And the relationship between the movies and horse racing worked both ways: Nearly 150 racing-themed films were released between 1930 and 1960, according to Shuback's research. Storylines ranged from the exploits of an aspiring jockey (in "Boots Malone") to the real-life tale of a Native American trainer preparing a horse for the Kentucky Derby (in "Black Gold").
Racing was also incorporated into the era's popular genres: screwball comedies like the Marx Brothers' "A Day at the Races," and musicals like "Broadway Melody of 1938." Horse racing even featured in film noirs like "The Ex-Mrs. Bradford" and Stanley Kubrick's "The Killing," a critically acclaimed thriller about a $2-million heist at a racecourse.
A world of excess
Yet, for all its glamour, Hollywood's love affair with racing claimed its fair share of victims. A number of famous actors, including Chico Marx of the aforementioned Marx Brothers, struggled with gambling addiction while simultaneously making movies that glamorized the sport.
Also among them was Mickey Rooney, one of the most bankable stars of 1930s and 1940s. Around the same time he was starring in racing-themed films like "Thoroughbreds Don't Cry," with Judy Garland, and 1944's "National Velvet" (in which he plays a former jockey who helped a young Elizabeth Taylor train a horse for England's famous Grand National), Rooney was developing his own betting systems and squandering his earnings in the process.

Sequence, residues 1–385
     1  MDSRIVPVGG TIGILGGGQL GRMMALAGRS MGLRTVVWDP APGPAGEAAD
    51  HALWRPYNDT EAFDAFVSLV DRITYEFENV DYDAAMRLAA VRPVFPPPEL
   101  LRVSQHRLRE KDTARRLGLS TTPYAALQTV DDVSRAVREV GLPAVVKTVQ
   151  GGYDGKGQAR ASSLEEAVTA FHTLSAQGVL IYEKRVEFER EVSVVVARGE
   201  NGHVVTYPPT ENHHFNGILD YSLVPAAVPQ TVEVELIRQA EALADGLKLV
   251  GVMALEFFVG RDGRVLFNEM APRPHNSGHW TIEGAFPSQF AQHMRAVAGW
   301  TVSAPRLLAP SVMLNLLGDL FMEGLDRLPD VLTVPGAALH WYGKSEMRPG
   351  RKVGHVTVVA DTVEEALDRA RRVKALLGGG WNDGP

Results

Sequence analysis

He became so obsessed with the sport that he made the 200-mile round-trip from Los Angeles and Del Mar for each day of the racecourse's 23-day August meeting in 1940, according to Shuback, who said that Rooney lost nearly $1 million at the races that year.
"He (Rooney) once referred to Del Mar as a toilet," the author said. "Not because it was dirty -- it was sparkling clean -- but because of the amount of money he flushed down it."
Some stars played the game more wisely. And while many Hollywood figures simply used the races for publicity, or pumped money into losing stables, others were bona fide successes.
Among them was Louis B. Mayer, co-founder of MGM, who -- on the advice of his doctor -- took up horse racing as a hobby to help relieve stress. He went on to train and breed winning horses, as did Fred Astaire, whose thoroughbred racehorse Triplicate won the Hollywood Gold Cup. Barbara Stanwyck also bred horses, and Betty Grable said that one advantage of buying a house on the beach at Del Mar was that she had easy access to the races.
Hollywood's infatuation with the races continued well into the 1940s and 1950s, but by the 1960s the original generation of high-profile racegoers was retiring. The stars who took their place were more likely to be found in Sunset Boulevard clubs than trackside at Del Mar.
"Although racing continued to be very popular in America, Hollywood's interest became less and less," said Shuback. "By the 1960s and 70s, there just weren't as many movies being made as they had been, and the genre of horse racing films was one of the first to go by the board."
Emblematically, Hollywood Park -- which had teetered on the edge of bankruptcy in the 1980s, before it was bought out and enjoyed a brief revival -- finally shut its doors in 2013. The site of the famous racecourse is now being used to build a new stadium for the Los Angeles Rams.
"The two industries have very little to do with each other (today)," Shuback said. "There are a few people in Hollywood who own horses now, but all the color and excitement that Hollywood produced at racetracks is long gone."
"Hollywood at the Races: Film's Love Affair with the Turf," published by University Press of Kentucky, is available now.